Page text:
Tuesday, May 27, 2008

In May, June, and July entries will be blogged twice a month, on or about the 10th and the 24th.

Three You Tubes Illustrate A Swedish Folk Song

Below, You Tubes show Vartinna, then a performance of a Swedish folk song - two entries on Memorial Day, and a second You Tube performance of the Swedish folk song.

Saturday, May 24, 2008


also video

September 26, 1937 Husmodern

In the September 26, 1937 issue of Husmodern, Sally Salminen is interviewed for the second time that year, pictured this time seated in a summery field with her mother, another picture on the page a landscape view of her Åland Island village. The article tells of the author's summer with her family and of the progress of the prize novel:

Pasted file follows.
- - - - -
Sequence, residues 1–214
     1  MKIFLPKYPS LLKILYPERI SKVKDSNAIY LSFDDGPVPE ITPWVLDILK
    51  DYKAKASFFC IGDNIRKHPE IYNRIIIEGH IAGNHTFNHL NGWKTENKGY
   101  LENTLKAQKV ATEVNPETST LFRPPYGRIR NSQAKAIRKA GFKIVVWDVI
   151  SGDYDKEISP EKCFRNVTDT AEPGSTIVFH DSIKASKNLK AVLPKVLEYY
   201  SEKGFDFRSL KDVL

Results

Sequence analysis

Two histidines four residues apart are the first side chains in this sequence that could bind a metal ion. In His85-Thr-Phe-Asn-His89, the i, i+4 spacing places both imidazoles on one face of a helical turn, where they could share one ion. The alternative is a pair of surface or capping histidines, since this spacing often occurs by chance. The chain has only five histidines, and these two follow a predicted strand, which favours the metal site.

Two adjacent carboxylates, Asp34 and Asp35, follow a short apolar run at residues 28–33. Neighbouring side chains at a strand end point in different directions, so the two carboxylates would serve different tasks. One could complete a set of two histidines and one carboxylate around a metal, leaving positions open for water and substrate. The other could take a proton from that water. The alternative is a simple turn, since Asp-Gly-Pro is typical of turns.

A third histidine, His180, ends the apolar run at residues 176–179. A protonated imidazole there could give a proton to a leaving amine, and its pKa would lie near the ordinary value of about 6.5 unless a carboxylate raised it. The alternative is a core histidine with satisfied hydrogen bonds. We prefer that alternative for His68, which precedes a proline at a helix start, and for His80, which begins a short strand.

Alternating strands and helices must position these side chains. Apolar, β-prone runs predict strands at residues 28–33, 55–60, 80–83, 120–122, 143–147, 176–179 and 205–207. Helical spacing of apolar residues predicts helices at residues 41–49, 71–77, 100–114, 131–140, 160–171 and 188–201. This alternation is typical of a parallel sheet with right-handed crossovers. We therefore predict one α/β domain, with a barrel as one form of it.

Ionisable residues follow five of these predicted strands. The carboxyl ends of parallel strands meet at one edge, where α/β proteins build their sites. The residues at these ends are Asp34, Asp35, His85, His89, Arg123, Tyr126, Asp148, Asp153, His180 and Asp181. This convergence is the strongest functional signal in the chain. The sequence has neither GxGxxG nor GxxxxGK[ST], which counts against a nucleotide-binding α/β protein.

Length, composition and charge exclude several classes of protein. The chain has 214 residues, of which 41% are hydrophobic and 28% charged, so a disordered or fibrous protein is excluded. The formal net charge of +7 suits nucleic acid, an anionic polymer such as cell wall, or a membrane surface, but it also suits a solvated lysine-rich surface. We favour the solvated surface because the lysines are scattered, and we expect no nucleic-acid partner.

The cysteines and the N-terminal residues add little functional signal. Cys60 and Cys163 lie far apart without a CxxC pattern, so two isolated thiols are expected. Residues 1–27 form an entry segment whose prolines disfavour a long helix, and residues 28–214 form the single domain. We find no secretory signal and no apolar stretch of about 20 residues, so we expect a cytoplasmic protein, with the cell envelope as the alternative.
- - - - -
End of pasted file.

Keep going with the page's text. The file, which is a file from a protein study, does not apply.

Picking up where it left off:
KATRINA är nu översatt till norska, finska, holländska och franska, och i höst väntas de engelska, tyska, danska, och tjeckoslovakiska upplagorna bli klara.

(KATRINA is now translated into Norwegian, Finnish, Dutch, and French, and in autumn will be English, German, Danish, and Checkoslovakian translations.)

The title's question -

Skall Sally Salminens KATRINA Filmas?

(Can Sally Salminen's KATRINA be made into a film?) -

is answered -

Det är heller inte omöjligt att man en dag får se Katrina som film. Man har nog sina planer i den riktningen i Hollywood. Sally Salminens amerikanska agent har föreslagit den ryska filmskådespelerskan Anna Sten för hvudrollen, och författartinnan tror också, att hon skulle vara utmärkt som Katrina.

(It is not impossible that one day one could see Katrina as a film. The plans are well-enough advanced in Hollywood. Sally Salminen's American agent has recommended the Russian film actress Anna Sten for the lead role, and the author believes also, that she would be a good Katrina.)

At the end of the article we learn:

Denna tidnings utlåning i förvärvssyfte förbjudes.

(I think it is forbidden to republish the article without permission.)

On the internet I learn that KATRINA was made into a film in 1943, and released in the United States with English subtitles in 1949.